The office of Student Affairs exclusively deals with student activities, policy changes and grievances. There are a few different avenues that students can go through to articulate concerns, or to start the process of policy change.
Student Senate is one of the oldest organizations on campus. They are therefore, the traditional way that student voices are heard by the administration.
“For issues that are kind of on the surface and probably don’t have to be addressed immediately, that’s where the Student Senate would be the best vehicle,” said Dr. Austin Lane, vice president of Student Affairs.
The Senate addresses many student concerns. Both simple and complicated legislation passes through them. A resolution is a suggestion to a higher power that they ought to do something. These are simple things like forming committees. Constitutional amendments and policy changes are complicated. Examples of these are the Smoking ban and the implanting of the student Life fee.
A resolution passes through the senate with a simple majority vote. A policy change or amendment must have a full 2/3 majority.
From there it leaves the Student Senate and must go through the higher chains of command. It goes through Scott Nalley, director of Student Activities, to Dr. Austin Lane, vice president of Student Affairs, to The President of the college, Dr. Mike Metke, to the board of trustees, where it is finalized.
“It’s fairly easy to get a resolution recognized. To get a resolution passed is another story,” said Royce T. Eller, former Student Senate president.
“To get recognized and to have people hear your ideas is a very easy process, you just have to contact Student Senate.”
RHA serves as a student governing board for students living on campus and are involved with changing policies. They have representation from each dorm hall as well as a board of executives that are elected.
All students who live on campus are automatically members and can come to the meetings.
To get a change of policy passed, the RHA would first assemble a committee that works exclusively on the issue. The committee puts together a presentation for the whole organization and the vote on it. If passed, it would then go to Angela Nunez, director of housing. Then either Nunez or the students would pitch it to Lane for the final word.
“[We have an] open-door policy for anyone here. [Students] are welcome to come and talk to us about any policy procedure or even talk to us about what is going on in the halls because we definitely want to know,” said Angela Nunez, director or Residential Life and Housing.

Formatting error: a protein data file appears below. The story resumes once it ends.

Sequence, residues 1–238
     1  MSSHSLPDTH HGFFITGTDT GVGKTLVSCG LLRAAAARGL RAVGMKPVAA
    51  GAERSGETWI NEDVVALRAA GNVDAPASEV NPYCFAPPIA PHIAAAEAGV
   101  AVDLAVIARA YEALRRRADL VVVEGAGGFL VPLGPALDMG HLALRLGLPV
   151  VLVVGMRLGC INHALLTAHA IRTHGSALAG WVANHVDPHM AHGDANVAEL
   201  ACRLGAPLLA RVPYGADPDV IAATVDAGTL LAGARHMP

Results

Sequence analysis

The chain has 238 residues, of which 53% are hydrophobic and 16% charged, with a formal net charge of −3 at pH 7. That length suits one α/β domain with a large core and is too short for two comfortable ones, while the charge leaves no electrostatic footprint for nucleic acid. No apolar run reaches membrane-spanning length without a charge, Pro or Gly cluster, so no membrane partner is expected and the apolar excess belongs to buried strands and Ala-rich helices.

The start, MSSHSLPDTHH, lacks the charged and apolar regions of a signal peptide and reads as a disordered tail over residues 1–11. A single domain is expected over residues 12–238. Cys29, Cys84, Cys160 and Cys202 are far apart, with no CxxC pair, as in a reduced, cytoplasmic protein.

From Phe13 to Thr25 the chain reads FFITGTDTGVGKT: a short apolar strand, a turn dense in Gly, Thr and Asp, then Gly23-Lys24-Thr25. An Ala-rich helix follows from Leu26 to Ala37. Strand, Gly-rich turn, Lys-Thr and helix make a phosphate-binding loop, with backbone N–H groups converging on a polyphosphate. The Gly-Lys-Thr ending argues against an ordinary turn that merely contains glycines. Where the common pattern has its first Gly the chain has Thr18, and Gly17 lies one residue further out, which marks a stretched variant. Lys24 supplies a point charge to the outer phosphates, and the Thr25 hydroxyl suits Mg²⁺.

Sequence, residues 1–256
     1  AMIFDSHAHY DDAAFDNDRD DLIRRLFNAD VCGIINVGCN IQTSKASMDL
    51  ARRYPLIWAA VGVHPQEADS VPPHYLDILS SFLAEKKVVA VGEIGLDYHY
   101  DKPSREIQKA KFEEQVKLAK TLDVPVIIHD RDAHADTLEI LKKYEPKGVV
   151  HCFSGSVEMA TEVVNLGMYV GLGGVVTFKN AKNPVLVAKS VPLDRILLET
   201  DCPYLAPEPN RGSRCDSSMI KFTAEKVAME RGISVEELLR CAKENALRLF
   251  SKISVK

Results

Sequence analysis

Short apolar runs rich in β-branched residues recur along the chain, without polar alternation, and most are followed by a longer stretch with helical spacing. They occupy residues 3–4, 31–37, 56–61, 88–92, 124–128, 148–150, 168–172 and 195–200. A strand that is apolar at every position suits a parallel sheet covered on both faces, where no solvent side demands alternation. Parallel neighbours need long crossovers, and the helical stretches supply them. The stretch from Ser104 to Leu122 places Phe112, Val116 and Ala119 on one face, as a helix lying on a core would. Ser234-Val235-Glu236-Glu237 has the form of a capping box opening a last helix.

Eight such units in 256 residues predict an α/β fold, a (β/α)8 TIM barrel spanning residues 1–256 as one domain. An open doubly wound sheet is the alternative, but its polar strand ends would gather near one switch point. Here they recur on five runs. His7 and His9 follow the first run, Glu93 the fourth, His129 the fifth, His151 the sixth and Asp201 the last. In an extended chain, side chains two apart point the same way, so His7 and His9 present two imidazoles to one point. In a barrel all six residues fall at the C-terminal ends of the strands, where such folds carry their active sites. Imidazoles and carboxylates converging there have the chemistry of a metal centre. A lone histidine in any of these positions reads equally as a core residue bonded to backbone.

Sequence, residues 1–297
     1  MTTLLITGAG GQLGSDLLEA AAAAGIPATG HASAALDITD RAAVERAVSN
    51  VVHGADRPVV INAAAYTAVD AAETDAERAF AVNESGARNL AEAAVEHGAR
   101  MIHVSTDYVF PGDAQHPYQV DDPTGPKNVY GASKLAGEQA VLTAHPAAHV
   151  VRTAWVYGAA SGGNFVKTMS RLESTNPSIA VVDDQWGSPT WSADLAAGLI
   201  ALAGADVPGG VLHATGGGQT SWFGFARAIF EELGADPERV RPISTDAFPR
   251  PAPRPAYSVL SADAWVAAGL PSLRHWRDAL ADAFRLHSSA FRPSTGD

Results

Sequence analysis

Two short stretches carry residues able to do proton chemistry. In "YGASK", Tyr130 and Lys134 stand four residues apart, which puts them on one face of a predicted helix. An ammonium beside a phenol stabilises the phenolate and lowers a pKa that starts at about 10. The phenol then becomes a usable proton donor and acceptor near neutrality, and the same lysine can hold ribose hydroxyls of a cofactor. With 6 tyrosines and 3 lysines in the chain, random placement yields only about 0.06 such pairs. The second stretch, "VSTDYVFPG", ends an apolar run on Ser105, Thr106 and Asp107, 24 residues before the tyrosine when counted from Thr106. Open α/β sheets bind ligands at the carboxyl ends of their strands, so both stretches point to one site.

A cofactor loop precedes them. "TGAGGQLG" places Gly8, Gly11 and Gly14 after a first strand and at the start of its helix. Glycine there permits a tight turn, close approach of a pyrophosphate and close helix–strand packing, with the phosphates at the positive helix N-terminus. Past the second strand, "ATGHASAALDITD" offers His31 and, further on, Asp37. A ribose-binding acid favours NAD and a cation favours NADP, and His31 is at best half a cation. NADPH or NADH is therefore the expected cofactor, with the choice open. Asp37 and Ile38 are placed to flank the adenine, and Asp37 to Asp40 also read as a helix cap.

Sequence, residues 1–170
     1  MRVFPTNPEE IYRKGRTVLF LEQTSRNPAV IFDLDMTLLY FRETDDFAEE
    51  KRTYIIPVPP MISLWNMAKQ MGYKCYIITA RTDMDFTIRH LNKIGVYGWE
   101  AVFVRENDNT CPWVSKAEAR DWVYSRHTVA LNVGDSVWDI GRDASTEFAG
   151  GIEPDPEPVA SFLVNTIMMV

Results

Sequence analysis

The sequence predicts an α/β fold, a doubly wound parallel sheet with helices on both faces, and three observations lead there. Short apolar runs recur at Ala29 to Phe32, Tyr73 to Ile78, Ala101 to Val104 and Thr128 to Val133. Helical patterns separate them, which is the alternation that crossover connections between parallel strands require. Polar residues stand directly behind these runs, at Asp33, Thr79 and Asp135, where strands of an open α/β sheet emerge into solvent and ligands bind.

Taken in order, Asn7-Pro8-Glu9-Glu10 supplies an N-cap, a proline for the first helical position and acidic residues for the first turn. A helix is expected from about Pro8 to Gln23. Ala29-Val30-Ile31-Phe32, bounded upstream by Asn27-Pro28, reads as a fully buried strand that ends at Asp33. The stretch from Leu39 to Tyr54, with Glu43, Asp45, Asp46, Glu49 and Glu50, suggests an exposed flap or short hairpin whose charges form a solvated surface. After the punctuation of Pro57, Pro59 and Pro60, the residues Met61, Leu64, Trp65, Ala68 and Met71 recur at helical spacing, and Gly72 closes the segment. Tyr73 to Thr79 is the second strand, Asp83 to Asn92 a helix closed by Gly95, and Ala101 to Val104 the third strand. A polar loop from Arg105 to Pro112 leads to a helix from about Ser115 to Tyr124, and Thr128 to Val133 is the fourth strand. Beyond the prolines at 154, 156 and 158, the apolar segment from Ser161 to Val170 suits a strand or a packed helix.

Vice President of Student Affairs Advisory Council is a twice-a-semester meeting with Lane to discuss complaints, suggestions, concerns, and compliments as they relate to TJC. Any student is welcome to attend.
Since the meetings are only held twice a semester, it is a little hard to find out about the meeting. An announcement is put up on Apache Access, an Apache Alert is sent out, and flyers are posted.
“After that meeting, I go right back into my staff meeting and talk to my directors,” said Lane.
An agenda will be prepared in advance. This includes follow-ups on the issues presented in the previous meeting and new items on the agenda.
If there is a particularly large issue, Lane may bring in a representative from that department to help give the council some perspective. For example if parking issues are on the agenda, Campus Safety Chief Randy Melton may be present with his numbers on parking violations and parking spaces.
“My title when I first got here was Dean of Students… If [students] don’t know where to go, they can always come to [my] office and get some answers,” said Lane. “If we don’t have the answers, we’re going to find the people that [do] and we are going to do that pretty quickly.”
Theses are the primary organizations that give students a path to express their grievances, complaints, concerns or opinions the office of Student Affairs.